Let’s hear it [again] for Emmentaler!

At last week’s Swiss Cheese Awards in the Vallée de Joux, with over 700 different cheeses in 29 different categories to be judged, it fell to me and a merry little team of four other cheesy people to taste and evaluate 19 different Emmentalers. It was a fascinating exercise, even if I did come away vowing not to eat cheese for a month (well, maybe a week). I also came away with a renewed respect for dear, sweet, mild-mannered Emmentaler, so misunderstood, so undervalued amongst cheeses, and some very happy memories of the serene and beautiful Vallée de Joux.

The beautiful Vallée de Joux at 1000m altitude, high in the Jura Vaudois

One of the chief misunderstandings came about because Switzerland failed to protect the name of the big cheese with the big holes. The result has been that anyone, from Bavaria to Wisconsin, can make a Swiss-type cheese full of holes and call it Emmental. Most are sweet, soapy, rubbery and devoid of any noticeable flavour. Genuine, properly aged Swiss Emmentaler with the red and white label is in a different league, worth a detour if not a special journey.


It’s not that the Swiss didn’t try to protect the name. Starting in the 1870s, they made successive attempts but were thwarted at every turn, notably by the Germans and the French who claimed the right to make their own ‘Emmental’ (or ‘Emmentaler’). In 2006 the Swiss belatedly succeeded in securing an Appellation d’Origine Contrôlée or AOC (now Appellation d’Origine Protégée or AOP), a label reserved for Swiss-produced Emmentaler. This protected status regulates how the cheese is made in Switzerland and confines production to a handful of cantons.

By way of establishing the big cheese’s credentials, let me give you a little slice of history. Evidence of some kind of hard cheese being made in the bucolic Emmental region of canton Bern goes back to the thirteenth century, though for lack of precise descriptions (these were pre-Instagram days, remember), we can’t know how it looked or tasted. What’s certain is that it bore little resemblance to today’s giant wheels – early Emmentaler, as with all of Switzerland’s traditional hard cheeses, was made on a small scale in tiny mountain dairies in the summer months only, and stored in special storehouses known as Spycher.

A typical Emmentaler Spycher or storehouse


The summer grazing pastures or alps, sometimes owned by Bernese absentee landowners, sometimes owned directly by the farmers, were worked by cowhands known as Küher. These were drawn from the ranks of the non-inheriting sons of Emmentaler farming families. According to local law, the youngest son (not the eldest, and never the daughters) stood to inherit the farm, but to do this, he must compensate his siblings. At any given moment there were likely to be a number of skilled young chaps floating about the valley with money in their pocket, time on their hands and farming and cheesemaking skills under their belt – but no land and no farmhouse. A logical step was to hire themselves out as Küher.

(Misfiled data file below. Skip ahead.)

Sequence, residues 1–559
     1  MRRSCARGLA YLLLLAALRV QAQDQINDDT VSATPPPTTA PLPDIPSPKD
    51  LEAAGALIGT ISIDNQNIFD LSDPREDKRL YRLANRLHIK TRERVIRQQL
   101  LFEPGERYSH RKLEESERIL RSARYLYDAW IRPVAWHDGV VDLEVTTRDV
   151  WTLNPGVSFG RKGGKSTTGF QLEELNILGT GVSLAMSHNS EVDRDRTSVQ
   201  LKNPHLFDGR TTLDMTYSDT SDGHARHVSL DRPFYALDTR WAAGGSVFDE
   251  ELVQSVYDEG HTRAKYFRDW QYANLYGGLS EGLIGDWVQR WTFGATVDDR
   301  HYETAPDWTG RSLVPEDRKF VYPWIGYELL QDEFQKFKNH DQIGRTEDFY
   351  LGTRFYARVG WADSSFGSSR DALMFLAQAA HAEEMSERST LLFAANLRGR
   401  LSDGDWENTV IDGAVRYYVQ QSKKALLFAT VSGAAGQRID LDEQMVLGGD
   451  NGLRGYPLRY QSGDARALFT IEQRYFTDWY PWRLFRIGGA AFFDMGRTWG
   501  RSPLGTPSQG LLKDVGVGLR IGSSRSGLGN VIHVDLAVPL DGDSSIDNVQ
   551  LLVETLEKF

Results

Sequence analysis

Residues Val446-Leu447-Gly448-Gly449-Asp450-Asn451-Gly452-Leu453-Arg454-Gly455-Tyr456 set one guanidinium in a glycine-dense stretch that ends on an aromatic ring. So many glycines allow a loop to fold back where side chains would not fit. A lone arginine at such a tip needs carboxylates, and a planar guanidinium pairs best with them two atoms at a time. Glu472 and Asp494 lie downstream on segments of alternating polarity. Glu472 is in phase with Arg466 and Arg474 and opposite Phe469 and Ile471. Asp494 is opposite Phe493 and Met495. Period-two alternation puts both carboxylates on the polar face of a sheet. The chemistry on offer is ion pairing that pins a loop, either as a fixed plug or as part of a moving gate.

In the eighteenth century – Emmentaler’s golden age – many of these Küher became veritable cheese entrepreneurs, making and selling their cheeses both at home and abroad. Of course those expat cheesemakers who were working in, say, Germany, named their product Emmental/er. These are the ones who later would stoutly resist Switzerland’s exclusive claims to the name.

In the nineteenth century, the Emmental was the first Swiss region to bring cheesemaking down from the mountains into the valleys. The village Käserei or cheese dairy was born. Freed from the constraints of the summer transhumance, Emmentaler could now be made all year round. This greatly simplified model of cheesemaking, together with increased milk quantities, meant that cheeses became progressively larger. Today’s Emmentaler measures about a metre across (for me, this is from the top of my head to the tip of my outstretched arm) and around 20 cm high, with an average weight of 100 kilos (over 200 lbs) – picture a huge tractor tyre without the treads. While Swiss production is not limited to the Emme Valley, it is here that the cheese was born and continues to be made, mainly in small village dairies.


The vast copper-lined cheesemaking vats contain up to 6,500-litres of milk, from which will come five mighty wheels of cheese (and an awful lot of whey). Two different kinds of starter bacteria are added, one to acidify the milk, the other to ensure formation of the all-important holes (more on the holes later), as well as a dose of rennet to coagulate the milk.